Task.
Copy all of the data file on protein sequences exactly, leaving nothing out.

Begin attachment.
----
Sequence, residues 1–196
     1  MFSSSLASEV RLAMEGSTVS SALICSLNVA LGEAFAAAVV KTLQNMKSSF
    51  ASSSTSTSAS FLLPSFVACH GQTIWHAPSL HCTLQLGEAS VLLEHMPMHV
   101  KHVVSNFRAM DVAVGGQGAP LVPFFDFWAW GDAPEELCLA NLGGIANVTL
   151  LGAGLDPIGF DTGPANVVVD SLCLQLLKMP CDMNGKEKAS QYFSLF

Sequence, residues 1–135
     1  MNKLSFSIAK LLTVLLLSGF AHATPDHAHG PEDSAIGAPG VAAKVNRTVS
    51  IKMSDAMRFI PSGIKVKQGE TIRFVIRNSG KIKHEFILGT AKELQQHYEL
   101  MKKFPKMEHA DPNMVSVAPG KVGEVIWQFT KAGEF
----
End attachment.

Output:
Sequence, residues 1–196
     1  MFSSSLASEV RLAMEGSTVS SALICSLNVA LGEAFAAAVV KTLQNMKSSF
    51  ASSSTSTSAS FLLPSFVACH GQTIWHAPSL HCTLQLGEAS VLLEHMPMHV
   101  KHVVSNFRAM DVAVGGQGAP LVPFFDFWAW GDAPEELCLA NLGGIANVTL
   151  LGAGLDPIGF DTGPANVVVD SLCLQLLKMP CDMNGKEKAS QYFSLF

Sequence, residues 1–135
     1  MNKLSFSIAK LLTVLLLSGF AHATPDHAHG PEDSAIGAPG VAAKVNRTVS
    51  IKMSDAMRFI PSGIKVKQGE TIRFVIRNSG KIKHEFILGT AKELQQHYEL
   101  MKKFPKMEHA DPNMVSVAPG KVGEVIWQFT KAGEF